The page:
Social progress in mining-dependent countries: Analysing the role of resource governance in delivering the UN SDGs
In 2018, the International Council on Mining and Metals (ICMM) released ‘Social Progress in Mining-Dependent Countries: Analysis through the lens of the UN Sustainable Development Goals (SDGs)’. The report examined trends across a broad set of established and widely accepted socio-economic indicators in countries with a sustained history of mineral dependence. This report updates and extends ICMM’s 2018 analysis to further explore how socio-economic development has progressed in those countries that are most dependent on mining, and the extent to which mineral resource governance has an influence on outcomes.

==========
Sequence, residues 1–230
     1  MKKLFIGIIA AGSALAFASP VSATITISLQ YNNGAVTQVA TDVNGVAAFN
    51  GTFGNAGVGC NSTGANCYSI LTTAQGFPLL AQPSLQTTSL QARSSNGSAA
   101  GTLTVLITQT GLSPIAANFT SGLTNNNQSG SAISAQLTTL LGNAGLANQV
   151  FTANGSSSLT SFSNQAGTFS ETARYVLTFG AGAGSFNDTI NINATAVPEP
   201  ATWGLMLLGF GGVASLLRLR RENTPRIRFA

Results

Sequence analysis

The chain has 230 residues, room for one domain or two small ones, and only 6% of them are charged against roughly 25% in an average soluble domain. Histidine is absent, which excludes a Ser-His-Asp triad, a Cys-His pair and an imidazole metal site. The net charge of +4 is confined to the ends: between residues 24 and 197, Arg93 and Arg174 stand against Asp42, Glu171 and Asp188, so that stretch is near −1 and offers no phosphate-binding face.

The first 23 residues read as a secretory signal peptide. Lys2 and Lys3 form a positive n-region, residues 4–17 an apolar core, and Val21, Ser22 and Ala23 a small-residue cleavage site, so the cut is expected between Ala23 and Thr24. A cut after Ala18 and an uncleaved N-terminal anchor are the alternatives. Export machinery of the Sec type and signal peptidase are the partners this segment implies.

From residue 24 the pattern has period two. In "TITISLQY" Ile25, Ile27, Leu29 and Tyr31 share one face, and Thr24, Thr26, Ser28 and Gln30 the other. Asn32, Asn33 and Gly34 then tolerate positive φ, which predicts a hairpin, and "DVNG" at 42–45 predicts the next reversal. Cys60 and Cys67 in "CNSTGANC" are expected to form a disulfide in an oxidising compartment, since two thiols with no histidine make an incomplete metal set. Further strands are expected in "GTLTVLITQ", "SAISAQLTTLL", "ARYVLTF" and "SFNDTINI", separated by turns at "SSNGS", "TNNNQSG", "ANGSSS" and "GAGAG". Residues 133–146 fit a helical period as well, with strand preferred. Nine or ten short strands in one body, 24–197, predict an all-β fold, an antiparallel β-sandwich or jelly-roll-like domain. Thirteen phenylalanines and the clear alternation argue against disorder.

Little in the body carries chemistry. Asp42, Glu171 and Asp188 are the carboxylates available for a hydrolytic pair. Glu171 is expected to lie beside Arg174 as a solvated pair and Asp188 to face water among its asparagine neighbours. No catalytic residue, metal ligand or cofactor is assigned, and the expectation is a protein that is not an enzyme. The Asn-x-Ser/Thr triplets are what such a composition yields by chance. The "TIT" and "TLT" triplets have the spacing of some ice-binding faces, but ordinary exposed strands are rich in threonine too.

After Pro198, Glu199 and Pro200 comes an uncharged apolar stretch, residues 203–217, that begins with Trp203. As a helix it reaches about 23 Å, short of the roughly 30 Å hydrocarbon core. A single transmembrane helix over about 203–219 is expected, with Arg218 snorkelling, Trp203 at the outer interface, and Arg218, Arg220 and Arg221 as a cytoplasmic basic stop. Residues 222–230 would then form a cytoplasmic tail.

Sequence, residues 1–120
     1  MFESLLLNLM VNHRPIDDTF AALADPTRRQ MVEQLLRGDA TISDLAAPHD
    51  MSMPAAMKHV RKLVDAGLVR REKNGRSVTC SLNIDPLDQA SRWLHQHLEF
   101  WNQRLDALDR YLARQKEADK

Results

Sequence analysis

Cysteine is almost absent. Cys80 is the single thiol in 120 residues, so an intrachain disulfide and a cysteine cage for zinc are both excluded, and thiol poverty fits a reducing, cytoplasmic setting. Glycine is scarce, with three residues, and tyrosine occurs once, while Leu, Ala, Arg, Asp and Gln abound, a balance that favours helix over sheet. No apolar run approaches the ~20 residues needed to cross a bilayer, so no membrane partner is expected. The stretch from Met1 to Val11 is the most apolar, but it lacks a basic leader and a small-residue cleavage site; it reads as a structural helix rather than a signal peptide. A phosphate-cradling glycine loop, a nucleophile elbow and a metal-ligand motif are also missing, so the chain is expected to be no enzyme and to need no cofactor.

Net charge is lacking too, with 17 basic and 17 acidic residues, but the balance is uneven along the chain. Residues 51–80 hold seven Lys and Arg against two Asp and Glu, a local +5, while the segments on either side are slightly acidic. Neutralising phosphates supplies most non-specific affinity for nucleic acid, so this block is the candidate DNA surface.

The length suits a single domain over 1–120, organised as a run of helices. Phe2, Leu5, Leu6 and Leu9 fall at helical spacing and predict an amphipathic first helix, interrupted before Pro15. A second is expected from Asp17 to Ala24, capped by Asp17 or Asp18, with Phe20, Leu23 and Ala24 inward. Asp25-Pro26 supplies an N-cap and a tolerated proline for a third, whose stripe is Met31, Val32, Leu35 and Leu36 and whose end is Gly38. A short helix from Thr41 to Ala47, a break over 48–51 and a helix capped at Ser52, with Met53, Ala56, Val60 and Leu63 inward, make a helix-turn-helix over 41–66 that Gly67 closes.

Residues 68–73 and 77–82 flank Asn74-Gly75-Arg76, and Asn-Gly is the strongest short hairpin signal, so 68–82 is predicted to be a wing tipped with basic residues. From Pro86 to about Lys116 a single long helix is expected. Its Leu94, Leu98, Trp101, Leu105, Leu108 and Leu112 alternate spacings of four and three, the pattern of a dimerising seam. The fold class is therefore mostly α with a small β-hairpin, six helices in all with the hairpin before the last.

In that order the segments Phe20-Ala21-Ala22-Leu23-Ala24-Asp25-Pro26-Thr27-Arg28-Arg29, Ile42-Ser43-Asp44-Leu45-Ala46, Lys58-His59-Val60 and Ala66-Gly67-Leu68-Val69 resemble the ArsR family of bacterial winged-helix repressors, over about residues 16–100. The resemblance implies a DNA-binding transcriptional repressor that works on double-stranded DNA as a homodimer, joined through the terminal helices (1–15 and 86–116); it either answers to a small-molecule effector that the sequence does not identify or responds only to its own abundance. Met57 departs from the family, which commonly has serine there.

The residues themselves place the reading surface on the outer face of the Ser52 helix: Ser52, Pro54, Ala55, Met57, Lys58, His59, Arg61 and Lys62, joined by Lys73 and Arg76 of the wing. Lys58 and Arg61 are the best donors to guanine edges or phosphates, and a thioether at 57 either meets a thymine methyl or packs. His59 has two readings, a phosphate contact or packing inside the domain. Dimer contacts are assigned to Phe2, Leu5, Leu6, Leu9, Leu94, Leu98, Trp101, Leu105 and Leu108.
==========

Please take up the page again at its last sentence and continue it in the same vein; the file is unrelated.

Based on 41 social metrics grouped under 12 relevant United Nations Sustainable Development Goals (SDGs), the report finds that across three quarters of these metrics, there has been significant progress made on socio-economic development. The biggest relative improvements were made in Bolivia, Botswana, Indonesia, Ghana, and Peru. Most mining-dependent countries continue to close the socio-economic performance gap with non-resource-dependent countries. This represents a counterpoint to the ‘resource curse’ – a widely held perception that mining is likely to impede the economic and social progress of host populations. However, governance matters. The research strongly suggests that the higher the quality of governance, the stronger the socio-economic progress observed. While many mining-dependent countries have invested time and effort in adopting clear and modern legislative frameworks, actual implementation is proving more challenging. Countries that are more peaceful, have lower levels of corruption, and a vocal and active civil society with sufficient civic space are better able to translate natural resources into social progress.